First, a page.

Recent advances in computer and software engineering have made it possible to monitor in real time and at atomistic resolution folding of some small proteins (e.g., FIP35, HP35). Does this mean that the gap between experiment and simulation is bridged for good? And that we can determine and experimentally validate free energy landscapes of proteins?
These are the central questions around which a number of leaders in protein folding will discuss and hopefully reach a consensus during the course of this workshop.
One open question is that of estimating the height of protein folding free energy barriers and, related, that of estimating a pre-exponential factor; current estimations of either vary broadly, depending on the experimental or computational techniques used and, crucially, on how data is analysed.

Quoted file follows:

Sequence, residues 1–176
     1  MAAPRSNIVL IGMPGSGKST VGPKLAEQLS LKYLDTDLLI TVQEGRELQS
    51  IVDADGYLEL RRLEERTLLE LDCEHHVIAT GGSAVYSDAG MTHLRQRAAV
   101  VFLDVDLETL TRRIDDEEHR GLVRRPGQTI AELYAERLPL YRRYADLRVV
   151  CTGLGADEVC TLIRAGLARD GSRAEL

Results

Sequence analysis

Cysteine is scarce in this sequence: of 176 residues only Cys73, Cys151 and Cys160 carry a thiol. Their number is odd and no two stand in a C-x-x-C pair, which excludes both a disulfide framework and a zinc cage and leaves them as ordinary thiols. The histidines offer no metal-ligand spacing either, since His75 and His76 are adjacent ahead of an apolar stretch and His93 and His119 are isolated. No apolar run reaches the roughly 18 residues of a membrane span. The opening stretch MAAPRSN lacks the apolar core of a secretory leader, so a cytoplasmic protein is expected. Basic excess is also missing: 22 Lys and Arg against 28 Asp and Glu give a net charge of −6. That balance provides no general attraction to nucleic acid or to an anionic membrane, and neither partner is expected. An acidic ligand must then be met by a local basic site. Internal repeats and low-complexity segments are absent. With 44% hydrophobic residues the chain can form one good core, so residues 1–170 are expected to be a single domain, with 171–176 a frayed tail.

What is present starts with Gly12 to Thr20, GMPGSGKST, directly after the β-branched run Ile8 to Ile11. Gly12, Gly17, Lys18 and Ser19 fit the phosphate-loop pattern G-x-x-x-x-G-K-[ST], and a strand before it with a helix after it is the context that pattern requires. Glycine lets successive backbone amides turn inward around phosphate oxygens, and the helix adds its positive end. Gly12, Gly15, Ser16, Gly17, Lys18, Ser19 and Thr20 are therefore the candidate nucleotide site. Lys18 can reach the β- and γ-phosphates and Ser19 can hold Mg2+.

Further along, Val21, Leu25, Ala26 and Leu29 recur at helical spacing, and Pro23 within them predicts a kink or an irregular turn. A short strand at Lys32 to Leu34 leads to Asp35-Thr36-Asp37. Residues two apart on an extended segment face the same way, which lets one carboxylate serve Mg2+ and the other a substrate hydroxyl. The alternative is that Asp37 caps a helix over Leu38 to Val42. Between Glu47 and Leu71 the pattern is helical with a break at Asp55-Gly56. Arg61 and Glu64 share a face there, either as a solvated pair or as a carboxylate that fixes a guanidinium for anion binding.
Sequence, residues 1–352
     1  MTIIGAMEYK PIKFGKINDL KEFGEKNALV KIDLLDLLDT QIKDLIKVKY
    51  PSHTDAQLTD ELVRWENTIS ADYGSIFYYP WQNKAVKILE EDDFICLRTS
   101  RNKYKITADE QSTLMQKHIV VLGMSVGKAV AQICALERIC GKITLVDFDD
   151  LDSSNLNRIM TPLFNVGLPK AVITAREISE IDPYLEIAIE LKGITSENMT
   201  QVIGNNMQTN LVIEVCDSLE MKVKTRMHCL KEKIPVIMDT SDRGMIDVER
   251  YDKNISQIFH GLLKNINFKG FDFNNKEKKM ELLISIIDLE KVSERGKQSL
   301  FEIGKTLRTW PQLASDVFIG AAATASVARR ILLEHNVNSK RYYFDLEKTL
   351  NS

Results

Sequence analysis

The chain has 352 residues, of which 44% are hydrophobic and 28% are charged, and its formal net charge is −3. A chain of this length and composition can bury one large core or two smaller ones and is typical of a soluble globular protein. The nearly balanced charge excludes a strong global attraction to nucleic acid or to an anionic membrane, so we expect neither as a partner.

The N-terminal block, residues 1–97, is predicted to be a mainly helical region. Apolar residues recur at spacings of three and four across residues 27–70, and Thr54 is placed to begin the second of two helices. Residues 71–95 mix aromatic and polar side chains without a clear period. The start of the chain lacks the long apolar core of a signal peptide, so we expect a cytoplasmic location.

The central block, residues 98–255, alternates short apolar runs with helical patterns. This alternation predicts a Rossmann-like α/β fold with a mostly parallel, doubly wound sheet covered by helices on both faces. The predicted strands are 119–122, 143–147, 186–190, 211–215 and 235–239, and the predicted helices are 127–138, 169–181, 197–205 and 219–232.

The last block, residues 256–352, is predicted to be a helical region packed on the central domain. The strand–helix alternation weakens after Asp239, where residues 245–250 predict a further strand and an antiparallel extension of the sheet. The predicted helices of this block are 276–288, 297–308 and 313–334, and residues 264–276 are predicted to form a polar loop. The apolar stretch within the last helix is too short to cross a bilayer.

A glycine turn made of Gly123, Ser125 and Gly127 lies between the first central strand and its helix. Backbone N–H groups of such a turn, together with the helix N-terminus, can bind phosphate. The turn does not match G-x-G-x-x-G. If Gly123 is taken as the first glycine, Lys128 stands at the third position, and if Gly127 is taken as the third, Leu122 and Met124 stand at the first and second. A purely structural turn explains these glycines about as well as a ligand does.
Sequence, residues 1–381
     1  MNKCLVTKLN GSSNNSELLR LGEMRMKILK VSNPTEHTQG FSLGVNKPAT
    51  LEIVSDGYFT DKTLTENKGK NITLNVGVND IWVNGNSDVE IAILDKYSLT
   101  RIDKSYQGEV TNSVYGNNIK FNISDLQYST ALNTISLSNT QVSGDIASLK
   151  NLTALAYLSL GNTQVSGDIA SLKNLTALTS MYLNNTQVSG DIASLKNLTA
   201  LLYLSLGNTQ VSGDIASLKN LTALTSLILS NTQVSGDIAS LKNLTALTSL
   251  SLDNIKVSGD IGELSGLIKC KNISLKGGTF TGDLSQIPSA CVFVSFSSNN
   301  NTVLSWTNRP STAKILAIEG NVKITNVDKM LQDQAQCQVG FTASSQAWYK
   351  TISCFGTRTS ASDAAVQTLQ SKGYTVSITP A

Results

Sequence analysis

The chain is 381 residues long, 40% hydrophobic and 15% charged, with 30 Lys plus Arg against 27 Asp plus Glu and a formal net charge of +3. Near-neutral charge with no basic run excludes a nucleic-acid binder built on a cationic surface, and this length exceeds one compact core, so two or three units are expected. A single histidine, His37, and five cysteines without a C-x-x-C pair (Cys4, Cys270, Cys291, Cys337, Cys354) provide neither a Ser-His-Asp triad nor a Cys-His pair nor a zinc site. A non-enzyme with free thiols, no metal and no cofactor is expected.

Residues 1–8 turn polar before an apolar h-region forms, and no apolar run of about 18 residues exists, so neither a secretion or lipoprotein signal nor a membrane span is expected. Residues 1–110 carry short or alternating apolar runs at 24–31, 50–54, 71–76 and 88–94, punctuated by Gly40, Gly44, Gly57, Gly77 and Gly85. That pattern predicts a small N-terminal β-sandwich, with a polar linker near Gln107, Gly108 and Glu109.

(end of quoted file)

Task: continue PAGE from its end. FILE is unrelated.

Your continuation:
Can free energy landscapes be directly obtained from experiment alone? How? What are the assumptions, implicit or explicit, that one has to make? What are the possible sources of errors? These is currently a difference of opinions on these important issues. Can a consensus be reached?
The exactly same questions arise if one considers simulation instead of experiment, which are not simply answered by the possibility of unimaginably long simulation and unlimited time and space resolution.
The aim of this workshop is to bring theoretical, computational and experimental protein folding specialists together to thoroughly discuss a number of key issues, and in particular those on which there are currently different, if not opposite, opinions. We will consider this workshop a success if there will be agreement on some issues, and if agreement can be found on what it will take to solve issues that are still contentious.